A table saw is the most useful tool in a woodworking shop. You probably know this very well. Whether you are a professional or a hobbyist – if you build furniture, sculpture, cabinets or bird feeders for your grandkids, a table saw was most likely one of your most important purchases. You probably also realize, that with all that usefulness comes a healthy dose of respect. This versatile workhorse isn’t only the most useful tool in your repertoire: it can also be the most dangerous one.
Your table saw will most likely come with a lengthy user’s manual when purchased. But what if you got a used one from your friend or on the internet? You might want to hunt around for a brand-specific manual, just to be sure you know all the ins and outs of your machine. Safety around a table saw is no joke, because of the harm this machine is capable of doing.
There is a brains-first approach to safety that every woodworker and carpenter should consider. And for the novice, it’s important to remember not to be intimidated, just smart and aware of the tools you are working with. No compromises – just knowledge.
There are some basic common sense practices everyone should follow around a table saw. Beginners should form good habits and those of us who are experienced should read these rules and remind themselves of how important they are. And maybe go back to a few of them we might have forgotten about over time!
Basic Rules for Table Saw Safety
The gloves come off
While this might seem counter-intuitive, gloves are safety gear item that you should do without while ripping. It only takes a moment of forgetfulness or distraction for the glove to get caught on the saw blade, and your hand will follow very quickly. You also don’t pay attention as much when you have your gloves on, and they may lull your senses into a false feeling of safety.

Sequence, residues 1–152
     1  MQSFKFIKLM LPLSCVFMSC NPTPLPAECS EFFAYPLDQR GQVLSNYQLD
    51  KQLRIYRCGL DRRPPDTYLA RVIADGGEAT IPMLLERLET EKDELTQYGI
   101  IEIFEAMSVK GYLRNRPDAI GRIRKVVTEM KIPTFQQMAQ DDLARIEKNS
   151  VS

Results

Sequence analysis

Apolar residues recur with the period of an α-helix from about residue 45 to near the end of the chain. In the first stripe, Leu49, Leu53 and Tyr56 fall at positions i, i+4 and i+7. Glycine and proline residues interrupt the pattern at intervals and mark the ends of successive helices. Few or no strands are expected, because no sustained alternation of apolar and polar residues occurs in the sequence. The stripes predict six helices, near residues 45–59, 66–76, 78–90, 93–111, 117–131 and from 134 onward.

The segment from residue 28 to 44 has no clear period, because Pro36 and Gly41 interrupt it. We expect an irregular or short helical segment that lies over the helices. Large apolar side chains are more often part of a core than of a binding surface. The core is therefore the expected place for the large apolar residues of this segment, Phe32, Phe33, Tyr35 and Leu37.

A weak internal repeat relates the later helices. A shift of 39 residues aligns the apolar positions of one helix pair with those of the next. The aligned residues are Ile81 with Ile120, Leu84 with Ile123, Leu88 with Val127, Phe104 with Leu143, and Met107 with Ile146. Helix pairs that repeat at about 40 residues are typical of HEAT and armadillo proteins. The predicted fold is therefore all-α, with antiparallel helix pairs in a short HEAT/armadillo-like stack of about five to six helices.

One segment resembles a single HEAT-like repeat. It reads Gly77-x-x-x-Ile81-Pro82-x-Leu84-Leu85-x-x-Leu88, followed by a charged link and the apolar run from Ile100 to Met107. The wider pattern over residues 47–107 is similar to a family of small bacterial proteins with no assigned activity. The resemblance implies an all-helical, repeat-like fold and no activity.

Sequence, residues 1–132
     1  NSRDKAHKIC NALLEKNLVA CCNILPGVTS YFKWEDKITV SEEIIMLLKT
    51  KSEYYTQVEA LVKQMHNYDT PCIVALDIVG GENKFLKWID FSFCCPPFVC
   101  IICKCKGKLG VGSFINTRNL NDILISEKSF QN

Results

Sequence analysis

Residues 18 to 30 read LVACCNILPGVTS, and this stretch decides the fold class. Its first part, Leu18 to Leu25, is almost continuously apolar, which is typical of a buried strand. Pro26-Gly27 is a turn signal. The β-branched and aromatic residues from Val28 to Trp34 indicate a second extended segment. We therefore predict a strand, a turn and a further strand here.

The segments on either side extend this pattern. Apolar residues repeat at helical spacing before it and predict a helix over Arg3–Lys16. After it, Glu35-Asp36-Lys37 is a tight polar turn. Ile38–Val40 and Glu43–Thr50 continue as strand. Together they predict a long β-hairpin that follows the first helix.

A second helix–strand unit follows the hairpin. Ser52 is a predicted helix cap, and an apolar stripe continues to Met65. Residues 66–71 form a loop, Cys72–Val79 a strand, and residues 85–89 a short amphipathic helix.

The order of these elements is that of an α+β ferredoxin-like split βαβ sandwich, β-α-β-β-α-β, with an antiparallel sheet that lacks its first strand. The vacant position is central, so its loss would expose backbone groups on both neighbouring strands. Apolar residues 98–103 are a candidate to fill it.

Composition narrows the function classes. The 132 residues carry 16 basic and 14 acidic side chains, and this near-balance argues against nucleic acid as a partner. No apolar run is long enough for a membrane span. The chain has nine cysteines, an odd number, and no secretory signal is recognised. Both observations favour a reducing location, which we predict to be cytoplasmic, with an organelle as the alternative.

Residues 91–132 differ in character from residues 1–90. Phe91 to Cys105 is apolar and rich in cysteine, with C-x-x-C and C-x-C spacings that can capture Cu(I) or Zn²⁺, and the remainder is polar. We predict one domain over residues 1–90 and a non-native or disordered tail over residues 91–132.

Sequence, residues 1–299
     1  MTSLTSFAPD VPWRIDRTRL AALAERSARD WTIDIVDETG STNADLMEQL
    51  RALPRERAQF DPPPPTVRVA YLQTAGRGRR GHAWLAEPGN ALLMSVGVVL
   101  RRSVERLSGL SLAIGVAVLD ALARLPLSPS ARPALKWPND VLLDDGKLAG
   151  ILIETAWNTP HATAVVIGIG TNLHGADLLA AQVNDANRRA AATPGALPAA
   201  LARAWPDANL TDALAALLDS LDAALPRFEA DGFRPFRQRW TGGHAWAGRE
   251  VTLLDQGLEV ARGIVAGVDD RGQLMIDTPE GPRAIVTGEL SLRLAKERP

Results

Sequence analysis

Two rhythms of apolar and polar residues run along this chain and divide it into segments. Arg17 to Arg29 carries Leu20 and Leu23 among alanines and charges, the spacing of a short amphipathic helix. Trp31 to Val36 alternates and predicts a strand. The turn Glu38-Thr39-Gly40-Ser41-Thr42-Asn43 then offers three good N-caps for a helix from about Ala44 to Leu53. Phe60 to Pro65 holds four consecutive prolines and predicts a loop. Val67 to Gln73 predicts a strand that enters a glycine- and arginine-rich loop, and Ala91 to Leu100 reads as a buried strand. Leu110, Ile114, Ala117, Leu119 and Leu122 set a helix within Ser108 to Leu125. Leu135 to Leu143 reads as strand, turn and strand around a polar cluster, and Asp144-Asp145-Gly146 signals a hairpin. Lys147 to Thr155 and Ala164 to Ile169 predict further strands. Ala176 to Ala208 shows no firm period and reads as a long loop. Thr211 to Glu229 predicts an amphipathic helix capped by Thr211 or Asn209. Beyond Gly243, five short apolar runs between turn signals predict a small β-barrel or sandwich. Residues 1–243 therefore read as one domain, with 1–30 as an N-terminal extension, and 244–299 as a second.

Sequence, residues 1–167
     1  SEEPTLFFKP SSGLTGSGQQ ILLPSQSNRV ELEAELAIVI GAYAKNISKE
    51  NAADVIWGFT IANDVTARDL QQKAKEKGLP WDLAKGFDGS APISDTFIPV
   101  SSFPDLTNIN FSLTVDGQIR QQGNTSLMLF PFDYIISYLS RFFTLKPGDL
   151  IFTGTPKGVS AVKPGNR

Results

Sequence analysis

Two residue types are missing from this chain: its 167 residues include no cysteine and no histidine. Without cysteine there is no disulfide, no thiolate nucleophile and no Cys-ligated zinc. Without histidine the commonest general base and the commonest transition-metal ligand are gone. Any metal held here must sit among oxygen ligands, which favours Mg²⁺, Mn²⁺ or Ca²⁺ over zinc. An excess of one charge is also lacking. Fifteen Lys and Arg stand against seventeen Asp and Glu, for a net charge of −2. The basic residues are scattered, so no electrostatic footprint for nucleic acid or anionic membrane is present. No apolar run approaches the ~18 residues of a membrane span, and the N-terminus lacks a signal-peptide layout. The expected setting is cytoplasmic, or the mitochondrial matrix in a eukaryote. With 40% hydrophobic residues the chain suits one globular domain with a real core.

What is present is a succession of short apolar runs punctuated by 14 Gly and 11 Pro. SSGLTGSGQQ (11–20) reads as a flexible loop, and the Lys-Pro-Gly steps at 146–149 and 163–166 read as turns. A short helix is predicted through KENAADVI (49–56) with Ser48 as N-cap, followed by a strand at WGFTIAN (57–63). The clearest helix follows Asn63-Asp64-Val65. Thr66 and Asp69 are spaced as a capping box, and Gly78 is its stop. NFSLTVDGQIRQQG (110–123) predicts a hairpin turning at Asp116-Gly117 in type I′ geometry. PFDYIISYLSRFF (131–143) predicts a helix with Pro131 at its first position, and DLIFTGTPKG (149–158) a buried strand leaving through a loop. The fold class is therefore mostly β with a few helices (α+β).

Face gear comes on
While a lot of people who wear glasses don’t put on anything extra, remember that the best face protection is always a full face shield. You only have one face, and if something goes wrong it’s the first thing people will see about you. If you insist that your prescription glasses are the only things you need, then at least get yourself some side plastic protectors. They can be put on the sides of your glasses to protect you from flyaways. If your workshop becomes full of billowing dust, a good dust mask is also an absolute must.
Be in the moment
Think about the cut you’re about to make and plan it well. Stand your ground, and stop conversations when you are cutting. Don’t be distracted. This is how most accidents occur.
Get some rest
While most people don’t think about it because it doesn’t involve what you’re immediately doing, the lesson here is very clear – don’t work when tired. This may be difficult, as most of us hobbyists do their projects after work, not at a perfect time when they’re ideally rested and just had their coffee. If you are exhausted, chances are you’re going to become forgetful and sloppy. It’s just not worth it,
Make sure your area is clean and free of clutter. This is aimed at those procrastinators and those of us who just have to rip “one more thing” and make “one last adjustment” to something while we’re standing ankle deep in scrap wood, and shoving things out of the way with one hand while operating the saw with the other. It’s not worth the serious injury it may cause. Clutter contributes to distraction and may cause you to cut unevenly, and not be able to concentrate 100% on your cut.
The art of push sticks
While I have seen people push their fingers to the limits, the truth is that you should not get your hands anywhere near the running blade – 6 inches to be exact. If you need to push your wood closer than that 6 inches, you have your friend the push-stick to help you. These little pieces of equipment can be purchased anywhere or even better – you can make them yourself. Some people really get into it and treat them as an art form, or have collections. It’s a safety tool that some use to display their skills.